While you would think that blond is the best choice for inanimate objects, people working in marketing must still think that blonde sells better.

Out of curiosity, I did a quick search for Google keyword frequency and use for the two words, and the result was a little surprising.

blond vs blonde keyword

The first result is for a popular movie, which takes an E. Also, most two-word search terms use blonde and not blond.

But for the one-word form used in Google search, blond has slightly more volume than blonde. You could probably say from the table above that it is fifty-fifty in use for either word.

 

The use of gender-neutral nouns

While English doesn’t use gender-based grammar, it has a lot of gender-specific vocabulary.

Many of these words have changed to a gender-neutral register in recent decades, particularly in American usage.

You can think here how the feminine word waitress is no longer in everyday use. Today, we only use the word waiter.

Most gender nouns for professions have changed to a neutral form in current English usage. Here are some common examples.

Chairman – Chairperson

Policeman – Police officer

Fireman – Firefighter

Air hostess – Flight attendant

Salesman – Salesperson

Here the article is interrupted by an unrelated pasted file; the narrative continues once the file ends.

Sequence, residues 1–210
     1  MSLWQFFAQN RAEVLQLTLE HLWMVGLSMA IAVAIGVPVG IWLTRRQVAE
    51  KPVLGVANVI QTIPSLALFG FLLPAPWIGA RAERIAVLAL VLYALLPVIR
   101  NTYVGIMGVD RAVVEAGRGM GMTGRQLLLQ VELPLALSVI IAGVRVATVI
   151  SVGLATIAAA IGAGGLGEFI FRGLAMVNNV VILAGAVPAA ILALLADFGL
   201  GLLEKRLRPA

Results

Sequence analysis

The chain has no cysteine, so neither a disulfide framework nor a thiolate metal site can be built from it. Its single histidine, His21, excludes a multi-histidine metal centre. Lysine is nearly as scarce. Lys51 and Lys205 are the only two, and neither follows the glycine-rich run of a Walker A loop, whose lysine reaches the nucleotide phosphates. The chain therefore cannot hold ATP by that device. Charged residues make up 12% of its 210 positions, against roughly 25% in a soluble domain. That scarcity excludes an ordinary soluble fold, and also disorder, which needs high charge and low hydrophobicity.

Postman – Postal worker

Barman – Bartender

Foreman – Supervisor

Craftsman – Artisan

 

However, there are some words, like the adjective blond, that still have two gender forms.

Some are still commonly used, while others are slowly disappearing.

prince (m) princess (f)

hero (m) heroine (f)

actor (m) actress (f)

fiance (m) and fiancee (f)

masseur (m) masseuse (f)

confidant (m) and confidante (f)

emeritus (m) emerita (f)

provocateur (m)  provocatrix (f)

editor (m) editrix (f)

 

Removing gender in English

English is always evolving, and especially when it comes to adapting to changes in society.

Along with new words, many common words are changing and morphing every year to adjust to equality and diversity.

It is not only with vocabulary either. There is quite a push to change how we use gender-based grammar.

For instance, according to APA Style, it is becoming common now to use they as a singular pronoun to replace he and she.

It takes some patience to write in this way. However, with some practice, it is possible to replace he and she and him and her with they, their and them.

But back to nouns and adjectives and what forms you should use.

Whenever possible, you should use a gender-neutral word. Between blonde and blond, it is better to use blond in most cases.

Most importantly, avoid words that use the now old fashioned feminine suffix of ess. Most common words dropped this suffix a long time ago.

The only possible exception is a princess. Maybe this is due to an attachment the world still has to Princess Diana.

But more likely, no matter how hard you try, it is that the word prince simply doesn’t work for a woman.

Perhaps it is time for new neutral vocabulary for royalty.

Derek Haines

A Cambridge CELTA English teacher and author with a passion for writing and all forms of publishing. My days are spent teaching English and writing, as well as testing and taming new technology.